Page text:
There is another way to tell if the line bore in the block is OK without removing the engine from the chassis, and that is by a visual inspection of the bottom half of the main bearings. The wear across the bearing should be equal on both sides. If copper and the majority of the wear is on one side of the bearing than the line bore is out and the block must be removed from the truck and sent off to a good machine shop. The positive outcome is the Owner-Operator ends up with a great engine, maybe even better than when it was new. Unfortunately, the cost increases by about $12,000. A Signature rebuild on a Caterpillar 3406-E or C-15 with all of the performance parts we have to offer is about $38,000 plus the labor to remove and replace the engine back into the truck. Once the engine is out, now is the time to replace cab mounts, fuel lines, air lines, and brake lines. Total cost for all of the parts and labor can reach $45,000. The fuel mileage improvement over a stock engine will be 1.5 miles per gallon, which in turn will pay for the rebuild in about 2.5 years. It pays to have great credit, set aside 10 cents per mile into a maintenance account, have high limits on a few credit cards, or be good friends with your banker. The cost of parts and labor increases each year, I sure hope your freight rates do also.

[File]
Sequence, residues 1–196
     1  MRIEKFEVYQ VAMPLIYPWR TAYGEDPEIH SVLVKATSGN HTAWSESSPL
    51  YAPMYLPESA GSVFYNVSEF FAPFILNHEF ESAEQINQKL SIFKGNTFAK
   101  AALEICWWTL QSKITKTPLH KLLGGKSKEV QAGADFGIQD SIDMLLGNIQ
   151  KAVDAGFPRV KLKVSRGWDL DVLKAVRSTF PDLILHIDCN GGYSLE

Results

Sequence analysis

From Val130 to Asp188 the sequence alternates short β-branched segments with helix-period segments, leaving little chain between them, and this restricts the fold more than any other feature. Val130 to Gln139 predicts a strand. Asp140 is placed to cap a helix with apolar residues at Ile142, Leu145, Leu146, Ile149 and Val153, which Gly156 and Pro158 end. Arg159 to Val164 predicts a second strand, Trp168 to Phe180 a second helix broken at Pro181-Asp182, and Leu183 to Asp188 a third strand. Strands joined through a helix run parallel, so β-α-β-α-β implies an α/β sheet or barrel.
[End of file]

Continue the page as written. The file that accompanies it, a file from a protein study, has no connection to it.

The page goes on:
Written by: Bruce Mallinson
Tires slinging mud and smoke, engines spinning at their limits, stacks spewing great black clouds of dust and flames, and massive crowds cheering, the first ever Onaway Speedway Great Lakes Big Rig Challenge was a success. The event included a Quebec style drag race and a show n’ shine for the trailer queens. The freshly built track was an 1/8th mile uphill run. Driver’s would be pulling over 60,000 pounds of lumber up the incline to the finish. It’s safe to say most of the spectators and participants had a marvelous time despite some difficult conditions.
The weather was quite a challenge. A cold front Saturday brought with it a heavy downpour for most of the day turning the grounds into a muddy mess. This not only made it difficult for the fans having to trudge through the soupy mess, but the drivers had to navigate a thick muddy pit in order to access the drag strip. Thankfully, Sunday brought the sun and warmth, but mud was still causing traction issues for the drivers. The only solution was massive 8 wheel burnouts to clean off the tires (to the delight of the spectators)
It was fascinating to see a range of different setups competing together on the track. The engine of choice for most participants would be the CAT 6NZ or similar while there were a healthy number of Detroit power plants, both 12.7 and 14 liter. Most of the drivers were running our performance parts on their trucks. Class C trucks were bone stock while the majority of participants were running in class B which allowed minor modifications including a non-stock turbo and Powerbox. Class A contenders were highly modified with turbos peeking through grills and hoods.
Running these trucks at their physical limits means quite a few trucks suffered from mechanical complications. A number of trucks broke driveshafts and U-Joints including Diesel Freak’s white and blue Kenworth. Fortunately, they were able to get the truck fixed for the next day white others were not as lucky. Khaggs Trucking #100 Freightliner suffered from power loss to the ECM on Sunday, ending their day early. The majority of trucks were able to return home under their own power.